3.
If \(\{{a}_{k} \}_{k}\) is an Appell polynomial sequence and there exists \(s\in \mathbb{R}\) such that \(a_{2k+1} (\frac{m}{2} )=0\), \(k=0,1,\ldots\) , then the sequence \(q_{k}(x)=2^{2k}a_{2k} (\frac{x+m}{2} )\) is the associated element in ELS.
Examples
Now we present some examples of polynomial sequences in ELS. These sequences are related respectively to Bernoulli and Euler polynomials according to Theorem 19.
Example 3
(Even Lidstone–Bernoulli polynomial sequence)
Let \(\{q_{k}\}_{k}\) be the even Lidstonetype sequence defined by
where \(B_{k}(x)\) is the Bernoulli polynomial of degree k.
By known proprieties of Bernoulli polynomials, we have that the sequence \(\{q_{k} \}_{k}\) defined in (57) satisfies relations (44).
Observe that polynomials \(q_{k}(x)\) are connected to Lidstone polynomials of first type since \(q_{k}(x)=(2k)!\varLambda '_{k}(x)\) for \(k\ge0\).
Moreover, from (45) and (57) we have
Hence the generating function of sequence (57) is
The conjugate sequence of \(\{q_{k}\}_{k}\) is \(\widehat{q}_{k}(x)=\sum_{i=0}^{k}\binom{2k}{2i}\zeta_{2(ki)}x^{2i}\), \(k=0,1,\ldots\) , where \(\{\gamma_{2k}\}\) and \(\{\zeta_{2k}\}\) verify the relation
From (58), the generating function of \(\{\widehat{q}_{k}\}\) is
The even polynomial sequence (57), up to a constant \((2k)!\), coincides with the socalled Lidstone polynomial sequence of second type [19, 27], also called complementary Lidstone polynomial sequence [2, 22]. It is denoted by \(\{ v_{k}\}_{k}\), that is, \(v_{k}(x)=\frac{q_{k}(x)}{(2k)!}\).
We observe that, if \(w_{k}(x)=\frac{\widehat{q}_{k}(x)}{(2k)!}\), then the two sequences \(\{v_{k}\}_{k}\) and \(\{w_{k}\}_{k}\) are not conjugate sequences, that is, \(v_{k} \circ w_{k}\neq x^{2k}\).
Example 4
(Even Lidstone–Euler polynomial sequence)
Let \(\{q_{k}\}_{k}\) be the even polynomial sequence defined by
where \(E_{k}(x)\) is the Euler polynomial of degree k.
By known proprieties of Euler polynomials, we have that the sequence \(\{q_{k} \}_{k}\) defined in (59) satisfies relations (44). Moreover, this sequence is connected to the odd Lidstone–Euler sequence \(\{p_{k}\}_{k}\) considered in Example 2 by
The generating function of \(\{q_{k}\}_{k}\) is
In fact, let us consider the series \(h(t)=\sum_{k=0}^{\infty}\gamma _{2k}\frac{t^{2k}}{(2k)!}\) with \(\gamma_{2k}=q_{k}(0)\). Since \(q_{k}(0)=2^{2k}E_{2k} (\frac{1}{2} )=E_{2k}\), where \(E_{2k}\) are the Euler numbers, we have
The generating function of the conjugate polynomial sequence \(\{ \widehat{q}_{k}\}_{k}\) is
In fact, \(\frac{1}{h(t)}=\cosh t=\sum_{k=0}^{\infty}\frac {t^{2k}}{(2k)!}=\sum_{k=0}^{\infty}\zeta_{2k}\frac{t^{2k}}{(2k)!}\), with \(\zeta_{2k}=1\).
Remark 12
The p.s. \(\{\widehat{q}_{k}\}_{k}\), up to a constant, has been used in the context of operator approximation theory, precisely for a new generalized Szäsztype operator [13].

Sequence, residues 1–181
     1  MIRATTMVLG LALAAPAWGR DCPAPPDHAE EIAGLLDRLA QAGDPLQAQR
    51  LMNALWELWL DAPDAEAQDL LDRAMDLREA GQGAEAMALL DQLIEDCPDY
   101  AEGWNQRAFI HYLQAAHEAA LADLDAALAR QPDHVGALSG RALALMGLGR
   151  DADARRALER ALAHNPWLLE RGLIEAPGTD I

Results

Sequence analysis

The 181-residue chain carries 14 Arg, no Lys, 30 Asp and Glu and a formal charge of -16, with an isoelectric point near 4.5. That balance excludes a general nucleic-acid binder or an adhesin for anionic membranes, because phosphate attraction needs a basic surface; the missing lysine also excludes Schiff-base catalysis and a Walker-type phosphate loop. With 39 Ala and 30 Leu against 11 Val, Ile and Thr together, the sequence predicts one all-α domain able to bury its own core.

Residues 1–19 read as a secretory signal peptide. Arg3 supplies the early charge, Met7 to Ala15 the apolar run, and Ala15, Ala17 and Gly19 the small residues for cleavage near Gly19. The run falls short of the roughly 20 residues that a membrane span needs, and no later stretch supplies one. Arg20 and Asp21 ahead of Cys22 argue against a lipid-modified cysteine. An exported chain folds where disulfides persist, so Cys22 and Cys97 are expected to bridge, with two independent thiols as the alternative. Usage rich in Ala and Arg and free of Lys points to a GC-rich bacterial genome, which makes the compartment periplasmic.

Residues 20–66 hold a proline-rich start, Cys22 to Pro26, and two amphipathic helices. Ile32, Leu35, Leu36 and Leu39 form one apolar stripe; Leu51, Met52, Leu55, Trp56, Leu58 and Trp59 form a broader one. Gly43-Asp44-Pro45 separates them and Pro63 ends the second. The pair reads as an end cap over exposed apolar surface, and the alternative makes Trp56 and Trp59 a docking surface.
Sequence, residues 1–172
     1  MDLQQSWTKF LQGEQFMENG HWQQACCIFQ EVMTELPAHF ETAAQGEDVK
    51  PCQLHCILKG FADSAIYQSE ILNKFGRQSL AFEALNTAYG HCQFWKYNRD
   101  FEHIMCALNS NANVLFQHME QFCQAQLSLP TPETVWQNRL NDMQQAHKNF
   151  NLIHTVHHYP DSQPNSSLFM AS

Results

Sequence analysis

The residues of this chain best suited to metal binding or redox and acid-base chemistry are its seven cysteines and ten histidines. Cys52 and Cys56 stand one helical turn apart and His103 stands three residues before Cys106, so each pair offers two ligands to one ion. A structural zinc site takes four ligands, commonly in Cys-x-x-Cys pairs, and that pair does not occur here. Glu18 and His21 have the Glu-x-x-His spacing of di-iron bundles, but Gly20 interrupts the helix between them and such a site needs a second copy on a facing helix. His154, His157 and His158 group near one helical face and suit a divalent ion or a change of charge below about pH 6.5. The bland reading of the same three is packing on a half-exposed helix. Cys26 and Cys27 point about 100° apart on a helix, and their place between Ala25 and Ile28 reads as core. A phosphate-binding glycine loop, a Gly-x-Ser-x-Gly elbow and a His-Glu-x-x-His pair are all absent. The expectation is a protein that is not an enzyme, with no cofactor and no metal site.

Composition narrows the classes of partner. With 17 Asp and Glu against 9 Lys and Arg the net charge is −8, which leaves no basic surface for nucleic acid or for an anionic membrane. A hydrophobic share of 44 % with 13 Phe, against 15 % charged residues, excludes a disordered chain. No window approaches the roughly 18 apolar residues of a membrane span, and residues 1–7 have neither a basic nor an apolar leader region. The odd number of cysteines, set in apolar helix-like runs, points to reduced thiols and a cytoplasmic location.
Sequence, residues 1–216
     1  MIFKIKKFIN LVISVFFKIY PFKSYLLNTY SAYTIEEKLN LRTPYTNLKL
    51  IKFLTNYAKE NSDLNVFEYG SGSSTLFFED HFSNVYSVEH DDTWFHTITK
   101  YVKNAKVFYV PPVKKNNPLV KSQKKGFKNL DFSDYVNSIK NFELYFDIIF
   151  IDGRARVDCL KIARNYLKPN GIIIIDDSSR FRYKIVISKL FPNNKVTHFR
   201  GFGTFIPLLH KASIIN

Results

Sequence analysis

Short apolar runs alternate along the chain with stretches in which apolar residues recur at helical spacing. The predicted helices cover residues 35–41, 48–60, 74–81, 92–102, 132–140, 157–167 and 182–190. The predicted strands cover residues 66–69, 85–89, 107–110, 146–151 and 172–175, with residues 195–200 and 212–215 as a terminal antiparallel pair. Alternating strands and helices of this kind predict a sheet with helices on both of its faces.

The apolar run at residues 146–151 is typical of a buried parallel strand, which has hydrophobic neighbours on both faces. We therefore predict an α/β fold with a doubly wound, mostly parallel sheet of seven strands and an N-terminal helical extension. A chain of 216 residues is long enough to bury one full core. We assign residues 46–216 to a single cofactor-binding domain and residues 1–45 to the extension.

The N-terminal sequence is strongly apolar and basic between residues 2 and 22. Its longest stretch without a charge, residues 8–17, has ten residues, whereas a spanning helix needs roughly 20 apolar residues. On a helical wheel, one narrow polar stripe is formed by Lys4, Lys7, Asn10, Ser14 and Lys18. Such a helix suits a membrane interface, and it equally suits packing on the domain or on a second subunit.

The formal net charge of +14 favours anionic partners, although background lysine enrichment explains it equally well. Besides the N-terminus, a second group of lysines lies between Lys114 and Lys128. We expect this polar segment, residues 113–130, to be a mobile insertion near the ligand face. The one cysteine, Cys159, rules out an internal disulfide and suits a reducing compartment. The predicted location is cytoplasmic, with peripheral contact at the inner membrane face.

A new general linear interpolation problem
In order to sketch an application of these classes of polynomial sequences, we consider a linear space X of realvalued functions that are sufficiently regular; \({\mathcal {P}}_{n}\subset X\), \(\forall n\in \mathbb{N}\). Let L be a linear functional on X with \(L (x )\ne0\). We will look for the unique polynomial \(P_{n} [f ]\) of degree \(\le2n+1\) such that
and \(f(x)=P_{n} [f ](x)+R_{n}(f)\), where \(R_{n}(f)\) is the remainder.
The study of the convergence of the series \(\sum_{n=0}^{\infty}P_{n} [f ](x)\) to \(f(x)\) is interesting.
Analogously, if \(L_{1}\) is a linear functional on X with \(L_{1} (1 )\ne0\), we will look for the unique polynomial \(\tilde{P}_{n} [f ]\) of degree \(\le2n\) such that
and \(f(x)=L_{1}(f)+\tilde{P}_{n} [f ](x)+ \tilde{R}_{n}(f)\).
We will study the convergence of the series \(L_{1}(f)+\sum_{n=0}^{\infty}\tilde{P}_{n} [f ](x)\) to \(f(x)\).
We conjecture that the two problems are solvable in OLS and ELS, respectively. The solution to this problem will be investigated in detail in a subsequent paper.
Conclusions
In this paper we have introduced two new classes of polynomial sequences called respectively the odd Lidstone polynomial sequences (OLS) and the even Lidstone polynomial sequences (ELS). For each of the two classes, we studied some properties, including the matrix form, the conjugate sequences, the generating functions, some recurrence relations, and determinant forms.
Some particular cases are considered in the examples. The proposed sequences are associated respectively to Bernoulli and Euler polynomials. The sequences related to Bernoulli polynomials coincide, up to a constant, to the classic Lidstone polynomial sequences of first and second type, respectively. The other two sequences, to the knowledge of the authors, have not appeared in the literature.
In the future, applications of these polynomial classes will be considered, including general linear interpolation, operators approximation theory, solution of high order boundary value problems, numerical quadrature, and spline functions.
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Costabile, F.A., Gualtieri, M.I., Napoli, A. et al. Odd and even Lidstonetype polynomial sequences. Part 1: basic topics. Adv Differ Equ 2018, 299 (2018). https://doi.org/10.1186/s1366201817335
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MSC
 41A58
 11B83
Keywords
 Lidstone polynomials
 Polynomial sequences
 Infinite matrices